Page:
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Photoblog: Residents escape Eastern Ghouta Open in fullscreen

Qusay Noor

Photoblog: Residents escape Eastern Ghouta

Fighters and civilians gather in Arbeen to board buses out of Eastern Ghouta [Qusay Noor]

Date of publication: 31 March, 2018

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In pictures: Rebel fighters and civilians embark on their journey out of Eastern Ghouta's war-ravaged towns and into the northern Syrian countryside.
The fifth round of evacuations of Eastern Ghouta's opposition fighters and civilians families launched on Thursday, with some 150 buses making the journey from the eastern Damascus suburb to northern Syria, thought to have transported over 7,000 people to relative safety.

Syrian photojournalist Qusay Noor's photos document the journey from the southern part of Eastern Ghouta, visibly devastated by Syrian President Bashar al-Assad's relentless bombing and shelling campaign, to northwestern Syria as part of the Russian-brokered deal that restores regime control in the last opposition stronghold near the capital.

[Qusay Noor]

The evacuations from Eastern Ghouta leave only the besieged town of Douma still under authority of the rebels, who are amid a negotiation process yet unwilling to strike an evacuation deal similar to those seen in the rest of the Damascus suburb.

[Qusay Noor]

After imposing a blockade on the enclave in 2013, and escalating the military bombardment since February 18 this year, the Assad regime now controls 90 percent of Eastern Ghouta’s territory, the loss of which was a painful blow to opposition factions.

[Qusay Noor]

Russia brokered evacuation deals with rebel groups Ahrar al-Sham in Harasta, and Faylaq al-Rahman in southern Eastern Ghouta, from which fighters and civilians have now been transported to Idlib in northwest Syria.

[Qusay Noor]

Negotiations continue in Douma, the stronghold of rebel group Jaish al-Islam, who are now completely surrounded by regime forces who are allegedly planning a major offensive to oust the last opposition fighters from the town.

[Qusay Noor]

After waiting for several hours at the assembly point in Harasta, the first stop for those leaving the town of Arbin, the 150 buses embarked one after the other on their journey to Idlib.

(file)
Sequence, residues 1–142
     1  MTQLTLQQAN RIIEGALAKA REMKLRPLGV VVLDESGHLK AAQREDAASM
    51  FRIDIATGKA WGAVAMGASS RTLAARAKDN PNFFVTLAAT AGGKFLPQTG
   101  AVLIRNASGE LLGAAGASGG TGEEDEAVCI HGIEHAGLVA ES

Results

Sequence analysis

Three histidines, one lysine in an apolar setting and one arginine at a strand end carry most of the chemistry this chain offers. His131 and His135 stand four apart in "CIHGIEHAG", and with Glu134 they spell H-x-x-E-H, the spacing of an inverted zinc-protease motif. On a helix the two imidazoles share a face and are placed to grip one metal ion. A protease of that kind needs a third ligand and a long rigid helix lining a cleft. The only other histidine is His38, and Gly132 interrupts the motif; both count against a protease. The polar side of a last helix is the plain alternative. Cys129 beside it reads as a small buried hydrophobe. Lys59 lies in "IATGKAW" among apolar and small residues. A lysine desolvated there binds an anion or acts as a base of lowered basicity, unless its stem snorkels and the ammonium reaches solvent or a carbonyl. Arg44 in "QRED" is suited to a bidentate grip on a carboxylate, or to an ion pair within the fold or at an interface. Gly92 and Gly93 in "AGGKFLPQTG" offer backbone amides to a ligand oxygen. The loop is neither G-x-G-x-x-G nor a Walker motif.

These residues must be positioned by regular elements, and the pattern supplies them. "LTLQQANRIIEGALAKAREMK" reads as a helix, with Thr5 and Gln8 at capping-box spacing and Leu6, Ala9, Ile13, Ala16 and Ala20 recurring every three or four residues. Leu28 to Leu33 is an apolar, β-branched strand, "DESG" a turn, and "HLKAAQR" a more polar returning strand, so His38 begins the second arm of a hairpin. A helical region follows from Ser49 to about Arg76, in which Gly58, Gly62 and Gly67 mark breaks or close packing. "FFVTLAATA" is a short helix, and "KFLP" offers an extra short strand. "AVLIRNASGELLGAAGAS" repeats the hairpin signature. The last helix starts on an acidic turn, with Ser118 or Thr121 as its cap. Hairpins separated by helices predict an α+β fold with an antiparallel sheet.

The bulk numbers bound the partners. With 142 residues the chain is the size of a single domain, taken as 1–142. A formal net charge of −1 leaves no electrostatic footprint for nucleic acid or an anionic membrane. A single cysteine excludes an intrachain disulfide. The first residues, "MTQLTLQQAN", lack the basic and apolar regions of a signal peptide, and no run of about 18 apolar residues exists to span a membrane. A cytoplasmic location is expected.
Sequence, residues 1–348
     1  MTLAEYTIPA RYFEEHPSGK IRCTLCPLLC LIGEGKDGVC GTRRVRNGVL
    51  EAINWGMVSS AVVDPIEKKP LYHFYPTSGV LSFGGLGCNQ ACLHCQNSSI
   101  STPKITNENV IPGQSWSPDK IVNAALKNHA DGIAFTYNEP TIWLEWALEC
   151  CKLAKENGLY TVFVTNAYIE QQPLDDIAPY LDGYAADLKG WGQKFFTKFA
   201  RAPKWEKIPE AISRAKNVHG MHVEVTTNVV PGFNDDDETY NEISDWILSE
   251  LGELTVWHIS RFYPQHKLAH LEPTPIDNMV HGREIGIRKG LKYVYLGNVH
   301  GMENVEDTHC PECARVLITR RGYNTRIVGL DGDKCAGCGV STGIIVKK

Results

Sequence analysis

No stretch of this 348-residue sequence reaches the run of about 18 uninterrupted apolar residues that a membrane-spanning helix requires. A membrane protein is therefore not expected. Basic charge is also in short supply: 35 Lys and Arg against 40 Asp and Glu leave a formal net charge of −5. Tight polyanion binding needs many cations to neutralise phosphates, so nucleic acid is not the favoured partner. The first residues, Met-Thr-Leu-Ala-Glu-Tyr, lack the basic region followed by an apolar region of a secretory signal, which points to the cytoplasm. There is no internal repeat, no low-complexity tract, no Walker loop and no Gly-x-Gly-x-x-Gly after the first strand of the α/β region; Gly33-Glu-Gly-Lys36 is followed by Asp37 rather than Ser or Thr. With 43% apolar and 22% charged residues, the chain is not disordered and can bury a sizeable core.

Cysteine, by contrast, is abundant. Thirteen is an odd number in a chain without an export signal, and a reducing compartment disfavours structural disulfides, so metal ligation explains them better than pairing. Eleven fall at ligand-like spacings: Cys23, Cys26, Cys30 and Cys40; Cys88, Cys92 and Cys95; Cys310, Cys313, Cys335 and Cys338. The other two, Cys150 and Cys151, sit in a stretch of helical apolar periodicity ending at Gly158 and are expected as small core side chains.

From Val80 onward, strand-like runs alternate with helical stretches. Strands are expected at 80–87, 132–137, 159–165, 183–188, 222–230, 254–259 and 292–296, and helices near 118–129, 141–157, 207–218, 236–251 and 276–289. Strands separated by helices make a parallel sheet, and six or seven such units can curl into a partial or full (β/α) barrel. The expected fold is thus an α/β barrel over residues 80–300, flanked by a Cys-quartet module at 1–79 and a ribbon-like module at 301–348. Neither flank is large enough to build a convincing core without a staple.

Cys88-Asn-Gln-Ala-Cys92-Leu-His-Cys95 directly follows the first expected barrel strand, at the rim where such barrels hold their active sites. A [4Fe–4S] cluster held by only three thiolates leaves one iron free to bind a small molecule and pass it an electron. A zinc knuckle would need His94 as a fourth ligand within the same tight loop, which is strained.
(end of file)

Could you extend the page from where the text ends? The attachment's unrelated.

[Qusay Noor]

The regime began its chokehold of Eastern Ghouta on February 18, sealing it off from receiving aid and bombarding it with shelling and bombing, including napalm bombs, white phosphorus and chlorine.

[Qusay Noor]

Regime forces subsequently managed to divide into three sections, giving rebels no choice but to negotiate evacuation deals.

[Qusay Noor]

During the siege more than 1,630 civilians were killed, including at least 330 children. Eastern Ghouta's residents were forced to live in poorly ventilated underground shelters without sufficient food, water or medical supplies.

[Qusay Noor]

Buses are subject to an inspection before they leave Harasta escorted to their destination by Russian soldiers.

[Qusay Noor]

Russian helicopters escort and monitor the bus convoy for the entire journey across Syria.

[Qusay Noor]

People look on as the bus convoy makes its way across the Syrian countryside. 

[Qusay Noor]

As per the agreement reached by Faylaq al-Rahman following Russian-brokered negotiations, some 7,000 people from Zamalka, Arbeen, Ain Terma and Jobar were set to be evacuated on Friday and Saturday. 

[Qusay Noor]

Buses crossed back into the opposition-held areas in Idlib, northern Syria.

[Qusay Noor]

Despite Russia's efforts to be seen as somewhat of a "peace-broker" role, Idlib has been subject to numerous Russian strikes resulting in copious death and destruction.

Russia is also heavily involved in the siege on Eastern Ghouta, one of the deadliest points of the eight-year-long Syrian Civil War.

[Qusay Noor]

The Syrian conflict began when the Baath regime, in power since 1963 and led by President Bashar al-Assad, responded with military force to peaceful protests demanding democratic reforms during the Arab Spring wave of uprisings, triggering an armed rebellion fuelled by mass defections from the Syrian army.

According to independent monitors, hundreds of thousands of civilians have been killed in the war, mostly by the regime and its powerful allies, and millions have been displaced both inside and outside of Syria. The brutal tactics pursued mainly by the regime, which have included the use of chemical weapons, sieges, mass executions and torture against civilians have led to war crimes investigations.


Qusay Noor is a journalist and photographer from Eastern Ghouta in Syria.

Follow him on Twitter: @QUSAY_NOOR_

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